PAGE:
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"Anyone have any experience with drafty old houses?" Topic

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1,148 hits since 14 Sep 2011
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napthyme Sponsoring Member of TMP14 Sep 2011 9:31 p.m. PST

The house we live in is 100 years plus. its had lots of remodeling over the years, but the north side is just like someone has left the barn doors open.

The house has newer Masonite siding with the old clap board underneath. I've done the best I can at trying to fill the void between the siding and the foundation with foam expanding insulation, but still there is a draft in here that will freeze a brass monkey.

Years ago a company came and sprayed expanding foam into all the walls but the north one because they said it already had insulation in it (I still do not believe it.)

Does anyone have any ideas of what could be done to reduce the draft before winter? I'm getting tired of freezing to death in the north rooms of the house.

Roderick Robertson Fezian14 Sep 2011 9:34 p.m. PST

Put your wargaming library against the north wall?

Sorry, but our house is less than 10 years old (and, while it has iits own problems because of the builder <*spit*>, that's not one of them).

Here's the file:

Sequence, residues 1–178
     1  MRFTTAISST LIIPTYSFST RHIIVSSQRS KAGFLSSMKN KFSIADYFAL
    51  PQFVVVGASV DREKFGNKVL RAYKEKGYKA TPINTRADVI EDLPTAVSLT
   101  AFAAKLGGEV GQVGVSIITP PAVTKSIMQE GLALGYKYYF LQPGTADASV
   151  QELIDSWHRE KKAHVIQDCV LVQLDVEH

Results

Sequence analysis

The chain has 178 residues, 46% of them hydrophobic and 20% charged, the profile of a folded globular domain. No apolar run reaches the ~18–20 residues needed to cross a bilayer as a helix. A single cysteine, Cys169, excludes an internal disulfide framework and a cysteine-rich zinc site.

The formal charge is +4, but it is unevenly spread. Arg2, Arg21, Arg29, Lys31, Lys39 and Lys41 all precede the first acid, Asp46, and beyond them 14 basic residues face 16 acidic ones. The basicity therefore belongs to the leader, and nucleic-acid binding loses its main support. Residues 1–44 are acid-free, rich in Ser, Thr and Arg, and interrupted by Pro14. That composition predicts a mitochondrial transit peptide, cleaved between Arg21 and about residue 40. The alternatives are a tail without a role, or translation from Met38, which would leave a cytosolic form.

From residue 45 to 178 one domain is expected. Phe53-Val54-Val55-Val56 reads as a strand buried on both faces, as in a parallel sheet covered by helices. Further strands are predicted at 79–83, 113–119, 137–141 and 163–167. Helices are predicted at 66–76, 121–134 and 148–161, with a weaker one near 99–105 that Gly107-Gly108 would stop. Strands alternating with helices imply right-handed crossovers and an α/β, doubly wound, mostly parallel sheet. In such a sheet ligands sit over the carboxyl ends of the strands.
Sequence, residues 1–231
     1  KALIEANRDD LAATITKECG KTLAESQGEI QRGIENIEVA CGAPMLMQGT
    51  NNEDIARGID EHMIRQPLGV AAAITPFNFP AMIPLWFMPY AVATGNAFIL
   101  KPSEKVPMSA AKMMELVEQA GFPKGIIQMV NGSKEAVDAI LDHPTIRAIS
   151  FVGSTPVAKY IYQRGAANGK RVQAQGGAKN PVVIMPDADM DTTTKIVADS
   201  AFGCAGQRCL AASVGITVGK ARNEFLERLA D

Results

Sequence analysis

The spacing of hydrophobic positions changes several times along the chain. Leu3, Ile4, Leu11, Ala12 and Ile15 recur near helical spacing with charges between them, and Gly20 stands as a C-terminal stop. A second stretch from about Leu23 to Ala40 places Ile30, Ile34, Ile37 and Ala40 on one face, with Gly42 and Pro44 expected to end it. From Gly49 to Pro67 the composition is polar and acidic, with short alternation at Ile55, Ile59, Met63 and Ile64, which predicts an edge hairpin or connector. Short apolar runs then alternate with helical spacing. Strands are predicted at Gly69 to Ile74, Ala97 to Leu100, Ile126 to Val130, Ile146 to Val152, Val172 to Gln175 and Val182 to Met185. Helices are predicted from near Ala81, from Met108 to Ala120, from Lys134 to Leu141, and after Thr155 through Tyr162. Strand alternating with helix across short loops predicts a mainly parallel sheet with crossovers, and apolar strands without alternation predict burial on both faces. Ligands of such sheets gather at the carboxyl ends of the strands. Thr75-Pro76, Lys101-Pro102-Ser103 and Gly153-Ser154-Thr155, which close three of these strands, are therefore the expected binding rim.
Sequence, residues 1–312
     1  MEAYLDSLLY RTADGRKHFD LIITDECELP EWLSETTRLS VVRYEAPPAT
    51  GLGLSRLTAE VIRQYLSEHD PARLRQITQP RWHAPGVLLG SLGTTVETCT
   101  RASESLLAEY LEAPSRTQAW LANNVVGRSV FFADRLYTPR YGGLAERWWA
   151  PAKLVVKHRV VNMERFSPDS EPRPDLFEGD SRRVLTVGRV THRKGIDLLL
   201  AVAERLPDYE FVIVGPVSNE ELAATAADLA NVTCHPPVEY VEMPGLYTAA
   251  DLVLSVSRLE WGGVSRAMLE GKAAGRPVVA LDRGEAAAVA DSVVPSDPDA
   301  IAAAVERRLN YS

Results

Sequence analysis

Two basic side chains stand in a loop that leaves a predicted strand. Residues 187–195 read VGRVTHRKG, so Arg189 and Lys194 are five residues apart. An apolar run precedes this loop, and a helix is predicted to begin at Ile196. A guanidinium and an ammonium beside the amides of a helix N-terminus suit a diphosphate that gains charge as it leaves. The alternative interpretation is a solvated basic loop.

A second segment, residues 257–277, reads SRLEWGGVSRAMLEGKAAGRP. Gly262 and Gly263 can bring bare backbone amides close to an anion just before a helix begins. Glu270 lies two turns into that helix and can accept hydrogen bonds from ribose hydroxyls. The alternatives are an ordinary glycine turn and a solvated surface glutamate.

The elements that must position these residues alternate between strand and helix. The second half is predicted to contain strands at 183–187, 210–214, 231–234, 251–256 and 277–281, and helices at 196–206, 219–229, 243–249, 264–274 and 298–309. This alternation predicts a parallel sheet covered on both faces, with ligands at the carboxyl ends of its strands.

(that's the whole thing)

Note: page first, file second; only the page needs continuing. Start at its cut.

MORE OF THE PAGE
napthyme Sponsoring Member of TMP14 Sep 2011 9:43 p.m. PST

I've got dressers up against the wall problem is the floor is still drafty like there is a giant sized opening somewhere still.

goragrad14 Sep 2011 10:26 p.m. PST

Without seeing a floor plan or pictures (in lieu of actually seeing the house) it is hard to say. Does it have a full basement? Or attic? Either could provide potential openings for drafts even if the wall is sealed. If you have a basement, you could try lighting a smoke candle down there and see if you get anything coming up into the house. For an attic you would need to get something that would sink or do the candle in the house while watching in the attic.

There could also be window and door openings that might not be 'tight.' Or lighting fixtures in the ceiling that are relatively open to air flow. Speaking of the ceiling, how is the insulation over the rooms on the north side of the house?

Electrical outlets and switches can also provide openings (there are specifically cut pieces of insulation that can be placed under the covers).

Dropzonetoe Fezian14 Sep 2011 10:27 p.m. PST

Coming in from a cold air vent perhaps?

napthyme Sponsoring Member of TMP14 Sep 2011 10:44 p.m. PST

The attic has plenty of insulation the cold air is from the floor area.

It just has a crawl space that I can't get into cause its to small to crawl into.

There is only 1 outlet on the north side and its not in this room, so that can't be the source.

there is no vents in this house either.

At one time they put tar paper roofing around the bottom of the house, but that is not a solution that works with any satisfaction.

I'm not familiar with new construction materials to know what might be available to help.

goragrad15 Sep 2011 12:09 a.m. PST

Just one room then. From your description it appears that the draft is not isolated to a small area of the wall. Hardwood or tile flooring? Or is the room carpeted? Might have a gap that is covered by the base molding. Without a method to narrow down the location it might require pulling the entire strip. If it is from the floor, then the alternate is to get a way into the crawlspace.